None of these images appear to be focused using the hyperfocal distance, indeed none of them appear to have the distant background in focus when one looks closely.
One may often get away with having the distance background in soft focus without most even noticing it, because we often don't see extremely distance views in discernible detail. I think one can also often get away with having extreme foreground objects out of focus, as is the case in several photos you've posted in this thread.
Using an example of my own, in the photo below the whole image at first glance appears to be sharp, because all the subjects of interest (and well everything big) is actually sharp. But if you look closer for a second, the most distant parts of the photo are not sharp.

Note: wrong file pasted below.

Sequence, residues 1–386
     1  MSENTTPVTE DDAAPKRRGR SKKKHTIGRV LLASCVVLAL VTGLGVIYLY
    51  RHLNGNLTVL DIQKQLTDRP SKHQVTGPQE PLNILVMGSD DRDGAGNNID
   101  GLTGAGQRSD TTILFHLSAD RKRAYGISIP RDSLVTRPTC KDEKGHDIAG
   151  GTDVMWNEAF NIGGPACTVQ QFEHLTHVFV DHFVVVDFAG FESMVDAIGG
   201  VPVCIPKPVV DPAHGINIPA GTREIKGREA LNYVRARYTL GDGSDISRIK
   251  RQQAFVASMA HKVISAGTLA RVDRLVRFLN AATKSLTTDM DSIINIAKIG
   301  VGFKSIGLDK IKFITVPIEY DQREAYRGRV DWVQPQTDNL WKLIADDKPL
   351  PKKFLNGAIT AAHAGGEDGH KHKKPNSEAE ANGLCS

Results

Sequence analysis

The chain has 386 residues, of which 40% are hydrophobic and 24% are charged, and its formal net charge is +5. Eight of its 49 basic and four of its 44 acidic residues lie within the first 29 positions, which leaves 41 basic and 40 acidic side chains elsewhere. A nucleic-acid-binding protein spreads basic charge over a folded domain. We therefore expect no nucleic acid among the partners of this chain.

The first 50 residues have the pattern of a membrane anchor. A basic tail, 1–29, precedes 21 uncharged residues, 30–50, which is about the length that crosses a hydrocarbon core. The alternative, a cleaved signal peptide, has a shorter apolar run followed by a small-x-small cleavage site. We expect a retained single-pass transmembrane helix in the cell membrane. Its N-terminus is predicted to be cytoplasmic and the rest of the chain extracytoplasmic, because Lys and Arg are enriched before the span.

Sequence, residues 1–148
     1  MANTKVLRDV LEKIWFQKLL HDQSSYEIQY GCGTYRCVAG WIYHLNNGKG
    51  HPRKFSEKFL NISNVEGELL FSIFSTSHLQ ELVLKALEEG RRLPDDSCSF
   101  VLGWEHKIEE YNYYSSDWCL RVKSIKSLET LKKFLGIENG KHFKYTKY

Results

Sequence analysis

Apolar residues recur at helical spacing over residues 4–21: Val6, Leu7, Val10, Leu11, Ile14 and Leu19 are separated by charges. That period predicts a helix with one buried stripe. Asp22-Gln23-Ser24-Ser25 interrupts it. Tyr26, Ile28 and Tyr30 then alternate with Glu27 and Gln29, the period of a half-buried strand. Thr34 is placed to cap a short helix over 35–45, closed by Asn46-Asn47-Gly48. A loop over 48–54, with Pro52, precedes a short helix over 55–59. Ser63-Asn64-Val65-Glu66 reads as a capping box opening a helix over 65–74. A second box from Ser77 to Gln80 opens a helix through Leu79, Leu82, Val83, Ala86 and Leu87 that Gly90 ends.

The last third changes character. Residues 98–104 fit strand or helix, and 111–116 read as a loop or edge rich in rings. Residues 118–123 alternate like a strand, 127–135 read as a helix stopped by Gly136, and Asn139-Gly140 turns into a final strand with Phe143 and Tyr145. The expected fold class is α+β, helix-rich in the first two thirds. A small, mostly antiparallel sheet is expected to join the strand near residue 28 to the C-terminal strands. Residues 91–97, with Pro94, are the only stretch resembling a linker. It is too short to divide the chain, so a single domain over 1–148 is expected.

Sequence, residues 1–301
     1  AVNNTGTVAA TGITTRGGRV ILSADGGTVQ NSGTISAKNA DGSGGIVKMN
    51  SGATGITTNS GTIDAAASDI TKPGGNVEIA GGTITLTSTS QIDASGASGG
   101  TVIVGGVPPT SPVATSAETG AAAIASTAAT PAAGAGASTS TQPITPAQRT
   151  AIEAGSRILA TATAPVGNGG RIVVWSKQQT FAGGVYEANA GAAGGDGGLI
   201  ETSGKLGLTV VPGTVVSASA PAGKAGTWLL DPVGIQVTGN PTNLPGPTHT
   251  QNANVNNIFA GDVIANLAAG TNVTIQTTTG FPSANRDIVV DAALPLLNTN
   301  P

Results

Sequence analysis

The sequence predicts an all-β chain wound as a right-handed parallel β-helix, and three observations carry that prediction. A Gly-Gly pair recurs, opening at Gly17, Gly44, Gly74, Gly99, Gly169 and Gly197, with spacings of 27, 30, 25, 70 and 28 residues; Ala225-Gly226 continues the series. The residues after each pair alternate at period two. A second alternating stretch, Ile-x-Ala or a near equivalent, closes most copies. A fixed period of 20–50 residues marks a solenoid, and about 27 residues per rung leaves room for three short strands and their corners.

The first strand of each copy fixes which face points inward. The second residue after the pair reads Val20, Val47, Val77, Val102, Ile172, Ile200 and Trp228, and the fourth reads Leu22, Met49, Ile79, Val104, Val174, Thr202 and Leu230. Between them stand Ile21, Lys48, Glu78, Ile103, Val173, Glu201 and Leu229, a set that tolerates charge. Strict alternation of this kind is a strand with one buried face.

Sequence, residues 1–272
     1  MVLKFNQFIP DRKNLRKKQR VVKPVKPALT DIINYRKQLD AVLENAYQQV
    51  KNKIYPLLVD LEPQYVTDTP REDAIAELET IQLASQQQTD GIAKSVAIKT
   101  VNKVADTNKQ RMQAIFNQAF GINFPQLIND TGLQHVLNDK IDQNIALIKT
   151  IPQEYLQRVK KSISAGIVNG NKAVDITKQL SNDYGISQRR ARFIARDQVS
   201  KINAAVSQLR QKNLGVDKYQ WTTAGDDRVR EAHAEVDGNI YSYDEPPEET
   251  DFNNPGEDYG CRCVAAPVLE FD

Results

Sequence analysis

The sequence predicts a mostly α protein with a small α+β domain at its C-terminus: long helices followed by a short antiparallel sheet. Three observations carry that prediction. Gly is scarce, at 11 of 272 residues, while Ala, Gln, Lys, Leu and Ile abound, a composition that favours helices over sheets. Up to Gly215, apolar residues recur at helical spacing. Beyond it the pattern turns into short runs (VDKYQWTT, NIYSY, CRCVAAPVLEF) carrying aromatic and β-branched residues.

by Berang Berang
, on Flickr
As in many of the photos you've posted it's more the composition which gives the impression of total focus than every distance actually being in focus.
It may also be appropriate to think about relative sharpness, at f11 diffraction will begin to contribute a slight softening over the whole frame, which by slightly reducing the sharpness of what distances otherwise would be in sharpest focus also has the effect of "leveling" the relative sharpness of near vs. far. Basically the sharp parts become less sharp so the difference between them and out of focus areas becomes less noticeable.
Further along that line, the smaller the image the sharper the whole thing will look. I suspect that some of the examples you've posted wouldn't appear nearly as uniformly sharp if the file sizes were larger.